Screen test: Salmond vs Darling has shown the value of the TV debate

 

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It will be a few days yet before we can say for certain whether the second of the televised duels between Alex Salmond and Alistair Darling has had any impact on how the Scots propose to vote in next month’s referendum on independence. The first time around, the viewers’ verdict was that Darling had won, but there was no visible gain for the Better Together campaign. On the contrary, the gap in the polls narrowed.

The second bout, on Monday evening, was seen as a victory for the First Minister. Perhaps that will bring a poll boost for the Yes campaign, but experience tells us not to be surprised if there is no noticeable change in the polls. Anyone who thinks that television debates decide the result of elections should think back to 2010, when Nick Clegg was by common consent the star of the leaders’ debates. Yet come the vote, the number of Liberal Democrat MPs fell.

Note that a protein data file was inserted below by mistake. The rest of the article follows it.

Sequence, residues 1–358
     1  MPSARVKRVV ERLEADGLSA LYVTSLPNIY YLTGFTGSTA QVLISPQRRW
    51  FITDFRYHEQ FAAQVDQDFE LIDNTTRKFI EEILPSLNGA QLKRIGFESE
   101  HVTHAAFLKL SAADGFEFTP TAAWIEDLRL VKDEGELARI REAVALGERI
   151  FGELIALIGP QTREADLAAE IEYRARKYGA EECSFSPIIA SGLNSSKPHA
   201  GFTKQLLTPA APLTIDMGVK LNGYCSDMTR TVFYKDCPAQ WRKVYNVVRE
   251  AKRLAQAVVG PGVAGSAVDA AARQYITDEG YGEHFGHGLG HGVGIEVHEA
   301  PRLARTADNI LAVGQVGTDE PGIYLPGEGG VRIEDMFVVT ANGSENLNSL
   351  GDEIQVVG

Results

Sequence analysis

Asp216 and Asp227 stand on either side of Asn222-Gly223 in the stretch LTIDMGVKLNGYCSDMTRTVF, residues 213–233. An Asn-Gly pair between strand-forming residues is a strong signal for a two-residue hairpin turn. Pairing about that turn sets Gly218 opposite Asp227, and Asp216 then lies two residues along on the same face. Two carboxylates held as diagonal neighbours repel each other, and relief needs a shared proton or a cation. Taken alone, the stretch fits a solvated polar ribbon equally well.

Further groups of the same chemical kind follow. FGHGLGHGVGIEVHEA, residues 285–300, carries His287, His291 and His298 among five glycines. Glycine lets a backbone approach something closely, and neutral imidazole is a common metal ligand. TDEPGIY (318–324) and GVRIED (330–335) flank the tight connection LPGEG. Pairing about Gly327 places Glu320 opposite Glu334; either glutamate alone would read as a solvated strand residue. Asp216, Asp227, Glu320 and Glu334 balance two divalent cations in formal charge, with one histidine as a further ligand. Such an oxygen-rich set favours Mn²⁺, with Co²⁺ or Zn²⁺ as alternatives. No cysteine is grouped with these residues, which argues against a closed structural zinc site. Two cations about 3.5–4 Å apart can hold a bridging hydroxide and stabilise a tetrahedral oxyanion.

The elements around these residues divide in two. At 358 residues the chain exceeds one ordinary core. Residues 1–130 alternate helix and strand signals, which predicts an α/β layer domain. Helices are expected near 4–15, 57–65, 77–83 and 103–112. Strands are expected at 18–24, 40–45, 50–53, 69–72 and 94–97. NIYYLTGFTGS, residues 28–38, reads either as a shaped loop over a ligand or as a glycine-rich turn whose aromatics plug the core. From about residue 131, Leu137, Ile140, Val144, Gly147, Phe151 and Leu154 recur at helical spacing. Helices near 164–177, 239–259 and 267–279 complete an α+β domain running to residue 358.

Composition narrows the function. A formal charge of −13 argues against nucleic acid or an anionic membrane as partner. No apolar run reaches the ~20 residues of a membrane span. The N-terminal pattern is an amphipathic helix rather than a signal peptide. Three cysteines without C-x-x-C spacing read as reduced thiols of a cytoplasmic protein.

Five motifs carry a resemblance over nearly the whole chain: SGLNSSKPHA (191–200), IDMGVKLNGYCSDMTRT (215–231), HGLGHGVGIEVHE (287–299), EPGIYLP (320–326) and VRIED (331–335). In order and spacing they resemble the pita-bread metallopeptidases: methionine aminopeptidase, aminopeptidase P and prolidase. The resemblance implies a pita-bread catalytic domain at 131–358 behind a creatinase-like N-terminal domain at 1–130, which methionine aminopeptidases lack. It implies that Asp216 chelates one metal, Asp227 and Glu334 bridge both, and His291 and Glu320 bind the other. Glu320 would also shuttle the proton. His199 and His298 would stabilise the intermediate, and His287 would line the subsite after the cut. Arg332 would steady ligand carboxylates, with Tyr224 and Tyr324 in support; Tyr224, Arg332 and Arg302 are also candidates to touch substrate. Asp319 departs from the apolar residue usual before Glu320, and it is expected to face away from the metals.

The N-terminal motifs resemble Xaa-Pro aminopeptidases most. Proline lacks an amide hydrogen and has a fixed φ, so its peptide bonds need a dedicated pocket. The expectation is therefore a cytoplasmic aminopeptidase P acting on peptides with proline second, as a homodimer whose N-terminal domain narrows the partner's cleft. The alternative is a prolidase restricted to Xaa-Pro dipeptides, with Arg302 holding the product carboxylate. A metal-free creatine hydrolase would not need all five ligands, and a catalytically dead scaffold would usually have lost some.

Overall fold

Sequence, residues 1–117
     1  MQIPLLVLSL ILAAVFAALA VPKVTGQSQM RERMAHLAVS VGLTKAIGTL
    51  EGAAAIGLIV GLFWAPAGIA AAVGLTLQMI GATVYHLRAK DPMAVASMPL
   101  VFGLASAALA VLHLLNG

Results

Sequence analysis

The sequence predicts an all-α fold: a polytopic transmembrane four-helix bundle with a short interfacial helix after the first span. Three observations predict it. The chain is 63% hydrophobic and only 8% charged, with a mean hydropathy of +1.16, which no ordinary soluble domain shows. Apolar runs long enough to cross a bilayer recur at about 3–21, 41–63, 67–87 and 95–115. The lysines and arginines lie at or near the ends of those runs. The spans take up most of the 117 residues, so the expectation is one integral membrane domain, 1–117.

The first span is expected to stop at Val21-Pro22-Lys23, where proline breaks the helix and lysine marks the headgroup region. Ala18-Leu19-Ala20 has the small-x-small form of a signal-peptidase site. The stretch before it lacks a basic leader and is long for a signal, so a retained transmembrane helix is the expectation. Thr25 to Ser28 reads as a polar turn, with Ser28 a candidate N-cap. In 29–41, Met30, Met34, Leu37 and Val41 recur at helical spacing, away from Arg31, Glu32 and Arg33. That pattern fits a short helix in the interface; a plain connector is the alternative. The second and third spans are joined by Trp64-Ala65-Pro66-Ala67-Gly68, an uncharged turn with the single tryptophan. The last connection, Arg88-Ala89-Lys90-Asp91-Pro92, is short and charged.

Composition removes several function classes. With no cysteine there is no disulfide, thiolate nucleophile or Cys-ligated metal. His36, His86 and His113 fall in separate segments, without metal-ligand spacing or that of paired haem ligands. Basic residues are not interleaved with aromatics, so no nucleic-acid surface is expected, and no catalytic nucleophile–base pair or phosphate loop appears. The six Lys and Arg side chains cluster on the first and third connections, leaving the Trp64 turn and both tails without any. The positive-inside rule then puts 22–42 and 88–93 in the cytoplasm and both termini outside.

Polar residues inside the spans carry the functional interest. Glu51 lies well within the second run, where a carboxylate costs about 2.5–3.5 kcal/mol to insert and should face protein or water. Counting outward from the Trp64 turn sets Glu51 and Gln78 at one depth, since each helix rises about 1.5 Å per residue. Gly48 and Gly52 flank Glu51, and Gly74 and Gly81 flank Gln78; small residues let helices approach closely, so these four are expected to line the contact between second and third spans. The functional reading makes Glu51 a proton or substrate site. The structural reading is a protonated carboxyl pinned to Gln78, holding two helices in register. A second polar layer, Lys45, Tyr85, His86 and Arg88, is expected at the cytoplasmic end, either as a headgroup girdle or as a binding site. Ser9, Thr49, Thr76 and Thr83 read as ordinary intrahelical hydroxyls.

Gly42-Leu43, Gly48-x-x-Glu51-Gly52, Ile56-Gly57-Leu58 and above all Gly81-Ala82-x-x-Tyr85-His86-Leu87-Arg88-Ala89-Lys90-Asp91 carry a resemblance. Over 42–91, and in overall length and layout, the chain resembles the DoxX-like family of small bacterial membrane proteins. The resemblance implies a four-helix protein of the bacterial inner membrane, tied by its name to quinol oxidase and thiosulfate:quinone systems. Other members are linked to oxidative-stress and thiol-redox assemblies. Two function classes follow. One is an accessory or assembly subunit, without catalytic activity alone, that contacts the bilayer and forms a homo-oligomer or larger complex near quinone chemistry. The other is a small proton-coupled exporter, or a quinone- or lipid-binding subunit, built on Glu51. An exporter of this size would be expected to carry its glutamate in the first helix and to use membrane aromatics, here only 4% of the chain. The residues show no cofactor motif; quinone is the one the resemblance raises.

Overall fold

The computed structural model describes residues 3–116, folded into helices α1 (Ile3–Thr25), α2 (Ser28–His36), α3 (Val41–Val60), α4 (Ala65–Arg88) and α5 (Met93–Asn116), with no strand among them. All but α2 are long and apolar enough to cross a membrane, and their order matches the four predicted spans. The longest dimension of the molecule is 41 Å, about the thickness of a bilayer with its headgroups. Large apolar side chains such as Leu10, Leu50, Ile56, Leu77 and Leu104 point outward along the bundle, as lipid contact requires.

Some might say that if these debates do not affect the vote, there is no point in holding them. Coming from a politician that would be an understandable reaction, but it would be wrong. The value of these televised debates – indeed, the value of any political debate – lies in how it concentrates minds on the political questions of the day. In the first of the Salmond-Darling debates, the former was caught out by having no clear answer to the major question of what currency an independent Scotland would use. That setback forced him to have an answer ready for the next encounter. Whether or not you think the answer was satisfactory, at least now it is widely understood in Scotland that the question is there, requiring an answer.

Meanwhile, in London, the political leaders are haggling over whether there will be televised debates during the 2015 general election. There are legitimate misgivings about them, particularly that they draw so much publicity that very little else about the campaign gets noticed, but in a democracy, those who aspire to the highest political office must be prepared to argue their case live on television – even if it feels to the participants like a lot of hard work with little to show for it.

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